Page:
Imágenes de páginas
PDF
EPUB

ON THE PICTURE OF “A CHILD

TIRED OF PLAY."

TIRED of play ! tired of play!
What hast thou done this livelong day?
The birds are silent, and so is the bee;
The sun is creeping up steeple and tree;
The doves have flown to the sheltering eaves,
And the nests are dark with the drooping

leaves.
Twilight gathers, and day is done ;-
How hast thou spent it, restless one ?

Playing? But what hast thou done beside,
To tell thy mother at even-tide ?
What promise of morn hast left unbroken?
What kind word to thy playmate spoken ?
Whom hast thou pitied, and whom forgiven?
How with thy faults has duty striven ?
What hast thou learn'd by field and hill,
By greenwood-path and by singing rill ?

N. P. WILLIS. OH! CALL MY BROTHER BACK.

66 Oh! call

my

brother back to me, I cannot play alone; The summer comes with flower and bee;

Where is my brother gone?
The butterfly is glancing bright

Across the sunbeam's track;
I care not now to chase its flight;-

Oh! call my brother back !
The flowers run wild-the flowers we sowed

Around our garden-tree;
Our vine is drooping with its load ;-

Oh! call him back to me !"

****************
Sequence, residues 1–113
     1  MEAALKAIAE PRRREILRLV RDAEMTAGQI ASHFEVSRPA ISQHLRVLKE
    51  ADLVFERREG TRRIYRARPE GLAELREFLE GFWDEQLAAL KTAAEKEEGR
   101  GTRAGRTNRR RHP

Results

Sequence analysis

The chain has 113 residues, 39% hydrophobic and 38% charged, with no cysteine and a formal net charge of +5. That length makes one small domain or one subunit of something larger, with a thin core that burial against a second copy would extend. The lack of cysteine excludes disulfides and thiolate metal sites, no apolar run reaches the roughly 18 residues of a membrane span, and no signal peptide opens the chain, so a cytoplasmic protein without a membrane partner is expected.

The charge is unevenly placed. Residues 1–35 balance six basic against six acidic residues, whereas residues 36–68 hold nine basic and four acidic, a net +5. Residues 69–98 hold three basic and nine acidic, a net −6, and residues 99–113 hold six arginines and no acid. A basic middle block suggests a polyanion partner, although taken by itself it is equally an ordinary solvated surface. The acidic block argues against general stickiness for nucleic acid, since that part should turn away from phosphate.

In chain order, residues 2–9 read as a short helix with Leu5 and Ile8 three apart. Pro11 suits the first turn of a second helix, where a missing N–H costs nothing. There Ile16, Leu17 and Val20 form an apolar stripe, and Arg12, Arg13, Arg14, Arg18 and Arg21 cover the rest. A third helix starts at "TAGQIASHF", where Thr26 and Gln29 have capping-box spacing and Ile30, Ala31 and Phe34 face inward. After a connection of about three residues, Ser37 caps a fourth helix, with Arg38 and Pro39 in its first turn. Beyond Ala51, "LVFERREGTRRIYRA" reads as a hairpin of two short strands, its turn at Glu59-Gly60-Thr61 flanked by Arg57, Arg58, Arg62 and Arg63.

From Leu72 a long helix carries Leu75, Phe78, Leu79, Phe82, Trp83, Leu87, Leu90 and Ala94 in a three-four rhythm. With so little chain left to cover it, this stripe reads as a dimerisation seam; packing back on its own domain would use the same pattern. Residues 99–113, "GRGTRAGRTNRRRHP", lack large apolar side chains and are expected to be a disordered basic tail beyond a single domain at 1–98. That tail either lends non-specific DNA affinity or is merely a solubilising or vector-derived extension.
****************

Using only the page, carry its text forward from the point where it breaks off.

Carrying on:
“He would not hear thy voice, fair child; He

may not come to thee. The face that once like spring-time smiled,

On earth no more thou'lt see.
A rose's brief bright life of joy,

Such unto him was given;
Go, thou must play alone, my boy ;-

Thy brother is in heaven !”

[blocks in formation]

" And has he left the birds and flowers ?

And must I call in vain ?
And through the long, long summer hours,

Will he not come again ?
And by the brook, and in the glade,

Are all our wanderings o'er ?
Oh! while my brother with me played,

Would I had loved him more !"

MRS. HEMANS.

THE SOUL.

THE leaves of autumn pass away ;
The summer's brightest flowers decay;
The fáirest things beneath the sky
But bloom awhile, then fade and die;
And all of beauty, all of bloom
On earth, is passing to the tomb.

But there is something that will live,
When light no more the sun shall give;
When moons no more shall set or rise,
And stars shall quit the silent skies ;
And, vanish'd in eternity,
Time and this earth shall cease to be.

It is the soul, the better part,
That which is thinking in my heart;
'Tis that which never can decay,
Though all things else should pass away;
My body in the dust shall lie,
My soul can never, never die.

J. P. HARDY.

THE BIRD'S NEST.

(ALTERED FROM THE SCOTCH.) Oh! who would take the sweet bird's nest,

That sings so shrill and clear; That builds for its young a nursery

In the spring-time of the year; That feeds its fledglings tenderly

And shields them from the rain ;
Oh! who would take the sweet bird's nest,

Or give its bosom pain?
I'd not despoil the linnet's nest,

That whistles on the spray ;
I'd not despoil the tuneful lark

That sings at break of day;
I would not rob the charming thrush

That chants so sweet at e'en ;
Nor would I rob the lovely wren,

Within her bower of green.

« AnteriorContinuar »